Miniatur Wunderland is the largest model railway in the world! But it’s more than ‘just’ a model railway. It’s a scaled-down version of the world. It is located in Hamburg’s Speicherstadt, not far from the Elbphilharmonie and was founded in 2001 by twin brothers Frederik and Gerrit Braun.
Here are some statistics: there are 1040 locomotives, 280 moving cars, 390,000 lights, 263,000 miniature figures and 15,400 metres of track. The layout has an area of more than 1,499 square metres and is controlled by 50 computers.
The model world is populated by thousands of miniature figures. They are called ‘Preiserlein’ after the company that makes them, Paul M. Preiser GmbH. There are different areas: Hamburg, Scandinavia, America, Austria, Switzerland, Central Germany, Italy, Venice and the airport.
Every 15 minutes it goes dark and thousands of LEDs are switched on. The effect is beautiful. There’s no Berlin but Hamburg is proudly represented. The Elbe, the Landungsbrücken, the Hochbahn, the S-Bahn,the Hauptbahnhof, the TV tower and the Elbphilharmonie are all therre. We see the port, the ships and the Köhlbrand bridge by daylight and at night.
All models are designed to be as lifelike as possible. As in the real Sweden, the trains run on the left. In America we start in Key West and right next to it is Las Vegas. At dusk, the city looks fantastic We continue to the Grand Canyon, but there is no Chicago or New York.
The small trains come from all directions. We don’t know where they are coming from or where they are going. A few metres further and we’re in hilly Mitteldeutschland. The ICE crosses a modern railway bridge. At night, a UFO flies down from the sky. An alien hunter is waiting. Famous conspiracy theories are represented humorously. In an underground studio, for example, the moon landings are filmed.
The airport is probably the smallest commercial airport in the world. More than 40 miniature planes take off and land just like real planes. I don’t know exactly how it works. Every now and then a Star Wars spaceship or a big bee flies along the runway. The model of Venice was completed in 2018. There is also Rome, Vatican City and other regions in Italy here.
The layout is constantly being expanded. Coming soon is Provence and a working Monaco Grand Prix. Britain was due to arrive in 2020, but it seems to have gone off the radar. You can look at the workshops and take a behind-the-scenes tour.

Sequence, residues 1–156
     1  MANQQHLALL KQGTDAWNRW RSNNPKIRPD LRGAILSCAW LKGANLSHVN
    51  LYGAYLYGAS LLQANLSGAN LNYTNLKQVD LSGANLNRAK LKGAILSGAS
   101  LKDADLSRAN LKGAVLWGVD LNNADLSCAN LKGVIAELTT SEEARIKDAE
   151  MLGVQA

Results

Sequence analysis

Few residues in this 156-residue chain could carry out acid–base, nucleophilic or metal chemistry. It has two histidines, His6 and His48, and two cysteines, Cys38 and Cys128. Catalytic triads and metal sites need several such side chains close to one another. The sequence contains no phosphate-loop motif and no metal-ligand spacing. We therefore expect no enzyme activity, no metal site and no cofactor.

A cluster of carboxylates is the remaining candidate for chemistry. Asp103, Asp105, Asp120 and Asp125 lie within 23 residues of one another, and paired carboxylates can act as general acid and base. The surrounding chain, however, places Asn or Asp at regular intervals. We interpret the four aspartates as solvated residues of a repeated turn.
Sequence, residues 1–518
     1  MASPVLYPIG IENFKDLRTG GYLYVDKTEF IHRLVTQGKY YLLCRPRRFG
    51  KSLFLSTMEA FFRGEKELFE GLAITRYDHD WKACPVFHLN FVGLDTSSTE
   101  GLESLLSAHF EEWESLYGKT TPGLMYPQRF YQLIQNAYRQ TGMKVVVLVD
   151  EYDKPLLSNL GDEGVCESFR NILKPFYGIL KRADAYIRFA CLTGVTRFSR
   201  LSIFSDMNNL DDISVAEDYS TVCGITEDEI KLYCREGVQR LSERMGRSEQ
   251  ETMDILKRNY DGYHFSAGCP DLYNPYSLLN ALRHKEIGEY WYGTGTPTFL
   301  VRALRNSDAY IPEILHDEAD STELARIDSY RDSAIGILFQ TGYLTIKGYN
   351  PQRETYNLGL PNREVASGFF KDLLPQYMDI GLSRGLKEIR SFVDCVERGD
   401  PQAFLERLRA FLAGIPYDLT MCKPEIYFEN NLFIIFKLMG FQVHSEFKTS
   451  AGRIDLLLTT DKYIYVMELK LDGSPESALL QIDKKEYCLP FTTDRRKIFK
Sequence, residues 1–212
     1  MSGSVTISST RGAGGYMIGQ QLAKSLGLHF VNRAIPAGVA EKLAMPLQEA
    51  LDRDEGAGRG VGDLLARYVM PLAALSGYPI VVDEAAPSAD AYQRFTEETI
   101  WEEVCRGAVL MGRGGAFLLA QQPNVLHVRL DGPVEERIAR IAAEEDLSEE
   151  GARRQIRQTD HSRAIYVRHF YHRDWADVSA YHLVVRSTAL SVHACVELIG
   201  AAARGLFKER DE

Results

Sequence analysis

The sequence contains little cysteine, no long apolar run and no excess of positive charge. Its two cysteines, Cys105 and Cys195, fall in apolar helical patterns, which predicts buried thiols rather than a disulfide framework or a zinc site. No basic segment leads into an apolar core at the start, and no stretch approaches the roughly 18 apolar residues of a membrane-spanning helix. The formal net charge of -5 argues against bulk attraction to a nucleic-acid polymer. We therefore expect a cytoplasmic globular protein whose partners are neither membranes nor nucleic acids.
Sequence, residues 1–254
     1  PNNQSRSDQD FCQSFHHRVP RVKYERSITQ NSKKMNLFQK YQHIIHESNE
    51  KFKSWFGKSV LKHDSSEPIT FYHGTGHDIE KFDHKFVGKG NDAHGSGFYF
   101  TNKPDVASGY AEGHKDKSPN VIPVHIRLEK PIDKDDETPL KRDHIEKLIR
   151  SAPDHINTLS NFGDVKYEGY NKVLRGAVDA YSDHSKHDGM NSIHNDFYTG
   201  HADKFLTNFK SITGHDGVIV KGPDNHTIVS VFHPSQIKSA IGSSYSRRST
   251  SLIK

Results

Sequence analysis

The attraction is open 365 days a year. Millions of people have visited Miniatur Wunderland. The model world so detailed, so impressive and so realistic that you look at the real world with completely new eyes. At Miniatur Wunderland, the keyword is wonder. Here you can really learn to… bewundern – to look in wonder at our world. Soon the real world starts to look like a model, as here, the Alexanderplatz seen from the Berlin TV Tower.
Miniatur Wunderland is an expression of the European idea as not only Germany is presented, but also several European countries as well as regions on other continents.
Soon visitors will be able to walk on a new footbridge over the water into the neighbouring warehouse to see South America. The future at Miniatur Wunderland looks exciting.
More info about the video and this article
This is a new version of an older video, now in German with English subtitles.
I’m attracted to Miniatur Wunderland because I love all types of models and I love trains and all forms of transport. It fits into the AVZINE channel’s theme of cities and journeys, as a number of cities are represented in miniature size – Hamburg, Rome, Venice, Las Vegas and others, but not Berlin, New York or Chicago.
It’s also about journeys as the trains run on thousands of journeys each day. There are also ships, planes, buses, cars, vans, a UFO and a strange bee-like creature.
The music is by the amazing Bad Snacks – the Los Angeles based musician, a genius with synthesizers and the violin, which she has played since she was a child. Thanks to her as always for making her music available via the YouTube Audio Library.
There is a students’ PDF for this video with script, side by side translation and questions. It’s available to my students, or just contact me and I’ll send you a copy.
Do Not Refreeze was an exhibition at the Cornerhouse Manchester that was on in 2007. I wrote an article about it, uploaded on the 26th of April 2oo7. It went offline due to technical issues with my legacy aidan.co.uk website. After receiving a request to see the article, I imported it and the photos into my main aidan.co.uk WordPress site. Since 2007 I have returned to teaching German and it is now my main career alongside producing multilingual articles, podcasts and videos for my AVZINE YouTube channel. The Cornerhouse closed in 2015 and the nearby HOME became Manchester’s premier combined centre for cinema, theatre and art. Below is the article I wrote back in 2007. The photos are as powerful as ever. And I am going to recommend this article to my many German language students. Many thanks to Julian Pardo for requesting to see the article.
Do Not Refreeze is an exhibition of photographs by East German photographers from the 1950s to the 1980s. It’s a big exhibition, laid out on three floors with a huge variety of images. It takes you on a journey through the changing cityscapes of the GDR, and the people who inhabited that mostly grey and decrepit country. Despite the restrictions, life behind the Berlin Wall could be surprisingly rich, though not in a material sense. That’s the message we get from this remarkable and fascinating exhibition.